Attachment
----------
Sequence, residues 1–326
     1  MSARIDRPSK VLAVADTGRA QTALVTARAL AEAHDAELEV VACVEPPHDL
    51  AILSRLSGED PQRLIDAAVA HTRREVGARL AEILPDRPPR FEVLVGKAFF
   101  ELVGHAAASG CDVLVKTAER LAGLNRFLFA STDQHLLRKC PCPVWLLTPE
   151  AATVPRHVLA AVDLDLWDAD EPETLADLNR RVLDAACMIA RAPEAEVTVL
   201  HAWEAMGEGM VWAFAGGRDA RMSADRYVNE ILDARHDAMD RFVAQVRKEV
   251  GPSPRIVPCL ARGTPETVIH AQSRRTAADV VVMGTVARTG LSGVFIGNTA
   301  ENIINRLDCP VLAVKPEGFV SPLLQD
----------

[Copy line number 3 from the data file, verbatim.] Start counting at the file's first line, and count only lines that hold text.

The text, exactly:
    51  AILSRLSGED PQRLIDAAVA HTRREVGARL AEILPDRPPR FEVLVGKAFF